Things to Do in Fort Wayne and Beyond

Bruce Hornsby invites listeners to join him with music not stuck in past

He plays packed house at the Clyde on Sept. 19

Steve Penhollow

Whatzup Features Writer

Published September 8, 2021

There is a tradition at Bruce Hornsby concerts of fans writing requests on little slips on paper and throwing them onstage. This sound likes a great deal for the fans, but what they might not know is that Hornsby uses these slips to take their measure.

“When I get a group of requests when it’s all ‘Mandolin Rain’ and ‘End of the Innocence’ and ‘The Way It Is’ and ‘Valley Road,’ I think, ‘This crowd is not a crowd that’s stayed with me through my crazy peripatetic wanderings.” Hornsby told the Ithaca Journal. “It’s a crowd that’s stuck in the past. So I say, ‘OK, good luck! I hope you like what I’m doing here, because it’s not what you came here for!’”

“The most interesting requests for me are requests from people who are really well-versed in what I do,” Hornsby told the Lancaster Sunday News. “They will know to request part of the Samuel Barber piano sonata or some Charles Ives music.”

Hornsby will bring his peripatetic self to the Clyde Theatre on Sept. 19.

Beyond the 1980s

Most people know Hornsby as the pianist and composer who scored several pop hits (cited above by the man himself) in the 1980s. In 1987, Hornsby won the Grammy for Best New Artist. Nothing to sneeze at. Yet, three years later, he was given ample reason to sneeze.

“I was like, ‘Great, I share this award with Milli Vanilli,’” Hornsby told the Charleston (W.Va.) Gazette.

“Let’s face it, the Grammys are not at all about how good you are at what you do. It’s not like winning Most Valuable Player in the NBA. It’s not really quantifiable. What’s mostly nice about it is that my mom’s friends are impressed with it.”

Hornsby owes his initial success to a certain kind of music, but, mostly, he hasn’t wanted to keep making that kind of music.

He has collaborated with Bob Dylan, Chaka Khan, Pat Metheny, and the Grateful Dead. He has put out solo piano records and records with no piano on them. He has released bluegrass and jazz albums, and composed Broadway musicals and movie soundtracks. He has even been known to perform classical pieces in his concerts.

“I just think anybody who has followed what I’ve done realizes I haven’t been too concerned with fitting into people’s expectations of me,” Hornsby told the Arlington Daily Herald. “I’ve always changed, and I’ve gotten letters that say, ‘How dare you?’

“There are some artists who make the same record stylistically over and over again, and they remain very popular. Other artists do that and fall by the wayside because people get bored. You’re damned if you do, damned if you don’t. So, I just followed my instincts.”

Rule #1: Don’t Be Bored

His instinct is to first make music that doesn’t bore him, and it’s one that aims for audiences being as excited by his musical discoveries as he is.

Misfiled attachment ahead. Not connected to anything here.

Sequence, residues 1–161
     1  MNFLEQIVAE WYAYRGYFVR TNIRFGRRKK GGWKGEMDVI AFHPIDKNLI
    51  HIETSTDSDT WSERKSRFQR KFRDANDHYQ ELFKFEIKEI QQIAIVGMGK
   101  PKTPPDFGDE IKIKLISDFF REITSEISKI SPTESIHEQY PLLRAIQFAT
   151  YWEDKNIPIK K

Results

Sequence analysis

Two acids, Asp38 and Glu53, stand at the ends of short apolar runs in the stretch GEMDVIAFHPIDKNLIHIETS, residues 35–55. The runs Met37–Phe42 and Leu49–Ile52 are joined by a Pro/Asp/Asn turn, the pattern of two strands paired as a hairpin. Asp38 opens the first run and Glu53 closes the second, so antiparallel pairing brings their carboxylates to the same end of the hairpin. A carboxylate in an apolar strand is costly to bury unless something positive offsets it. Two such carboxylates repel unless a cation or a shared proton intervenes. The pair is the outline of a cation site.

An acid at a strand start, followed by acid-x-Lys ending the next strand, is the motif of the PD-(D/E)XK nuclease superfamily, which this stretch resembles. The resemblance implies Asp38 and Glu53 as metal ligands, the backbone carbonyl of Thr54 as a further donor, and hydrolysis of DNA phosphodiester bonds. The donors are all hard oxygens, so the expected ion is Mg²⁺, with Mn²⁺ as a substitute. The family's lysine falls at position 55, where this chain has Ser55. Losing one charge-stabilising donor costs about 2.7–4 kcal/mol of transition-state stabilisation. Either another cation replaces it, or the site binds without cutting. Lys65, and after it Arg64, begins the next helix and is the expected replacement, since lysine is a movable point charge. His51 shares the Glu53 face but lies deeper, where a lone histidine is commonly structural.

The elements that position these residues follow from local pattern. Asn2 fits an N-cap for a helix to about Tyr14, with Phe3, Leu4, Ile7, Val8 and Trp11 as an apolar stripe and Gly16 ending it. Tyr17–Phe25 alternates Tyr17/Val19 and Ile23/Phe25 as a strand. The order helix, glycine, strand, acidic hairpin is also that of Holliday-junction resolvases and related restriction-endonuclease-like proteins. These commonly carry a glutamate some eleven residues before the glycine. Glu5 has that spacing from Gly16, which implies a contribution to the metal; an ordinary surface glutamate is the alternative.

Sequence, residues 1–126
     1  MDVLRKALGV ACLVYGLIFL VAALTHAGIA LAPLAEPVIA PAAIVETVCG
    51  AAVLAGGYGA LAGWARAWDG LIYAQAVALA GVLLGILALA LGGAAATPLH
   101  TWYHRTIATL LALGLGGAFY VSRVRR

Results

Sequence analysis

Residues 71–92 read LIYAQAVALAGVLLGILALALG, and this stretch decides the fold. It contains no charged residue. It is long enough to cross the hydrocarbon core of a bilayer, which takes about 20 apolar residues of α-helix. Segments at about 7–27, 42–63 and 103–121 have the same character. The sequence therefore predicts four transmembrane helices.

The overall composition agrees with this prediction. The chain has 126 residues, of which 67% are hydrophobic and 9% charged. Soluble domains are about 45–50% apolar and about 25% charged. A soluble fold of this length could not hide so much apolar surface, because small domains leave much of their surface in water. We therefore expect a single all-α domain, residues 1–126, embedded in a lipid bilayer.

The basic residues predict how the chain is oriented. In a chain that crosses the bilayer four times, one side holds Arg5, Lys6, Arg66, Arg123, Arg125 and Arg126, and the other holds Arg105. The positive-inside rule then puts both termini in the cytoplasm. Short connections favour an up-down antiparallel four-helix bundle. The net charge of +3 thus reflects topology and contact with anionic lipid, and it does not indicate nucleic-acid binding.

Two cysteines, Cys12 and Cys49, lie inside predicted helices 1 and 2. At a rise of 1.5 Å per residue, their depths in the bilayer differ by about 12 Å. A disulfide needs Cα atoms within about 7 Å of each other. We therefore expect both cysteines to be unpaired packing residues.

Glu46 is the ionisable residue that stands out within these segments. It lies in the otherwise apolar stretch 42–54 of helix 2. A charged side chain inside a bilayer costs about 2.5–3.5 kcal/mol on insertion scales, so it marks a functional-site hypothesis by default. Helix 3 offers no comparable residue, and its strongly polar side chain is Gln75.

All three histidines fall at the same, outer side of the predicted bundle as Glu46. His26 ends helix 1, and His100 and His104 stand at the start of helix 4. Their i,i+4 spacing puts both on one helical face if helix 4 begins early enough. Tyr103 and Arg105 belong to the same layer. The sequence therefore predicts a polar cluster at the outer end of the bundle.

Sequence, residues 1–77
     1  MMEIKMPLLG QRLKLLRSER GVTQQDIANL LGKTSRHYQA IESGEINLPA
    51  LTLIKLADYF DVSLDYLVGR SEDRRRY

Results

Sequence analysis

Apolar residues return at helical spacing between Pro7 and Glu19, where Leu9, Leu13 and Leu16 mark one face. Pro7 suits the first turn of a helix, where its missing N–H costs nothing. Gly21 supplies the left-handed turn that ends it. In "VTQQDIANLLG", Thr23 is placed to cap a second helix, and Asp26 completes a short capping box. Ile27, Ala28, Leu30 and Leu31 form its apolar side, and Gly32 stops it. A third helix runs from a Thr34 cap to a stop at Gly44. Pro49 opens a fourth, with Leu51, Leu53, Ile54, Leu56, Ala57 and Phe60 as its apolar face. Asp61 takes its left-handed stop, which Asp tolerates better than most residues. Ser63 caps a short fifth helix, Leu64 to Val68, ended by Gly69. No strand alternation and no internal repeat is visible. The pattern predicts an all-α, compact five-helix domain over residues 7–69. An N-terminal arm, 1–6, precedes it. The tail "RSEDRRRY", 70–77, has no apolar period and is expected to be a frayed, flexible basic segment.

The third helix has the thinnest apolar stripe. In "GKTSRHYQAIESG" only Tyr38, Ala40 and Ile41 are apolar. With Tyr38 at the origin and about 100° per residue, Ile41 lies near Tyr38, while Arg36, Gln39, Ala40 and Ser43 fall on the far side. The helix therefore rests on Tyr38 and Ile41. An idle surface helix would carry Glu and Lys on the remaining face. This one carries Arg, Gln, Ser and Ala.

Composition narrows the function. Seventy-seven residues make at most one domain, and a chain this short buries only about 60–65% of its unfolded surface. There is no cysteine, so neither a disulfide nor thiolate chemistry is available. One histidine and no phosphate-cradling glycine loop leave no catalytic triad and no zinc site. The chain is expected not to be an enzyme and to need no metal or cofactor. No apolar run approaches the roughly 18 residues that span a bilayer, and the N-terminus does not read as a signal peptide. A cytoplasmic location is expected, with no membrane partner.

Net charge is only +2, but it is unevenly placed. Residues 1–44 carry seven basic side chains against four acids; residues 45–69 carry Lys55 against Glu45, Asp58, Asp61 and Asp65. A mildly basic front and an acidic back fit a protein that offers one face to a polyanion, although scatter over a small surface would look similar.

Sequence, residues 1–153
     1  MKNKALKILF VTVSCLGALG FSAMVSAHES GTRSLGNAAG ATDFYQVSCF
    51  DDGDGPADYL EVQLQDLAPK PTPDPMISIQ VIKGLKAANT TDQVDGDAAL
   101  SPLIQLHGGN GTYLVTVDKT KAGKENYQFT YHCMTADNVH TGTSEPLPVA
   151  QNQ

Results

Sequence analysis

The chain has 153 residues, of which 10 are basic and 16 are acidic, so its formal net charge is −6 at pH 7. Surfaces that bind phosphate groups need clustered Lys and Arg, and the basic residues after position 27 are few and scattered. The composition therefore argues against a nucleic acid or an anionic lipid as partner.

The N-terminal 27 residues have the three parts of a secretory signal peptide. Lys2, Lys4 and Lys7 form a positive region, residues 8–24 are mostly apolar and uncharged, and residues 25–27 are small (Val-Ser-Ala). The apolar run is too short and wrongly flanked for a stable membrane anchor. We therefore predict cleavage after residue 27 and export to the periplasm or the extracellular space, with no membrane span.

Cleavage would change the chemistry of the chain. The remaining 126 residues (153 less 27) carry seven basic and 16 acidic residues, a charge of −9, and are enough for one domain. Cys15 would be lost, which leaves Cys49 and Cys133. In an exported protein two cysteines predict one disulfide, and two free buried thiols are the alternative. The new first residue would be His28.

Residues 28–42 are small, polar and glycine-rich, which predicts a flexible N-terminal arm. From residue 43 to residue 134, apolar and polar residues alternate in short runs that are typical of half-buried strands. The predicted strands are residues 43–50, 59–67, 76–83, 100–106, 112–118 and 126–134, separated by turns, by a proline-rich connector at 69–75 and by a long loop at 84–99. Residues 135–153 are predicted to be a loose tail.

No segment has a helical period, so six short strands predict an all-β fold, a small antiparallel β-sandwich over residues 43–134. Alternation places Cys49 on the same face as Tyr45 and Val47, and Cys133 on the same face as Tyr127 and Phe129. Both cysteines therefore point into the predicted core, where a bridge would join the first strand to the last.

“One of my interests I’ve had as a musician is to be a bit of a crusader trying to open people’s ears to different things,” Hornsby said. “In my playing you can hear Bill Monroe as well as Samuel Barber piano sonatas. It’s been my goal to broaden horizons of people who hear popular music all the time.”

One group whose horizons have been broadened by Hornby is rappers. His music has been sampled in many rap songs, including Tupac Shakur’s hit “Changes.”

“I loved that. I also loved the checks! It’s a beautiful definition of ‘money for nothing’,” Hornsby said. “To me, his was the best version. It’s a positive message and I’m really proud he was a fan enough to, in his own way, co-write a song with me.”

Another guy who has indicated that his horizons were broadened by Hornsby is Bon Iver’s Justin Vernon. Vernon appears on Hornsby’s 2019 album Absolute Zero and Hornsby appears on Bon Iver’s 2019 album i,i.

Some of the songs on Absolute Zero grew out of snippets Hornsby composed for director Spike Lee’s projects over the years.

“I’ve written 230-plus pieces of music for Lee, ranging from one minute long to four minutes,” he told the Minneapolis Star-Tribune. “Lots of these instrumental pieces ­— we call them cues — are fully formed. They wanted to be developed into songs. Fully six or seven of the songs on Absolute Zero have their origin in Spike Lee film cues.”

It was a “crazy, intangible, strange process,” he said, “putting words to an already completed musical picture.”

A Nod to Nostalgia, Too

If you’re reading this and realize that you haven’t kept yourself fully apprised of Hornsby’s forays in recent years — or decades — the artist does have some sympathy for you.

“There’s not enough hours in the day to keep up with what Bruce Hornsby is doing — or Bruce Willis, or Bruce Babbitt, for that matter,” he said with a laugh.

“There’s too many Bruces, and Bruce is not even a common name! Forget all the Jims and Bills and Bobs!”

If you are worrying that Hornsby won’t perform his hits in his upcoming Clyde concert, set your mind at ease.

“I know it’s nostalgic for fans to hear some of the oldies, and I’ll placate them with about five songs,” he told the Richmond News. “But if all I did were the oldies, I’d feel like I was in a prison.”


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